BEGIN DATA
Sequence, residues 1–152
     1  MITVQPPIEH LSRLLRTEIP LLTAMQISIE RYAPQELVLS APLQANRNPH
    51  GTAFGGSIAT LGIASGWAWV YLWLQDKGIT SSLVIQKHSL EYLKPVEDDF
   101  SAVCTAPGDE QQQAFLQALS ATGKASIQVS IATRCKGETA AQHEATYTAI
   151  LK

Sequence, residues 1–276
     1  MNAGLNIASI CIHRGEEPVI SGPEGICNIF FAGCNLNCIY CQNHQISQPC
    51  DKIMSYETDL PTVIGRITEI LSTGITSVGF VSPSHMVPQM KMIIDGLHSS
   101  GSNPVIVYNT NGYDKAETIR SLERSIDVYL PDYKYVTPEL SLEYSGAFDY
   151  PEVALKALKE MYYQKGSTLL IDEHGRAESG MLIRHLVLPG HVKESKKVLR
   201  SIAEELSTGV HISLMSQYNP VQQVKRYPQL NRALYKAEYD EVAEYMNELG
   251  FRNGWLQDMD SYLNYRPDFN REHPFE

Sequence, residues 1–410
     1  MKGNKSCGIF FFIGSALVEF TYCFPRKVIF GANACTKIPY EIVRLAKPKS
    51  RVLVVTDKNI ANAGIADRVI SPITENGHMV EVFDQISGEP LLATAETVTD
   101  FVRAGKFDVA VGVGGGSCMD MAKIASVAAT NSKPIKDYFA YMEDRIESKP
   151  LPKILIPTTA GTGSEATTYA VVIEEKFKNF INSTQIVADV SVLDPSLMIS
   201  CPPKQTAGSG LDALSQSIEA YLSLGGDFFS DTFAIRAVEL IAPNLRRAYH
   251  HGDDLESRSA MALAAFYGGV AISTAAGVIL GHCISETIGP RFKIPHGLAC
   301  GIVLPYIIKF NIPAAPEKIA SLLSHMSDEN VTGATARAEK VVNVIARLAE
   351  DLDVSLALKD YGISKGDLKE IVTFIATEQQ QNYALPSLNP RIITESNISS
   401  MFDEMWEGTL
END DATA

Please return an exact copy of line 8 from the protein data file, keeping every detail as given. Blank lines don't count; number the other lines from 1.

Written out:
    51  DKIMSYETDL PTVIGRITEI LSTGITSVGF VSPSHMVPQM KMIIDGLHSS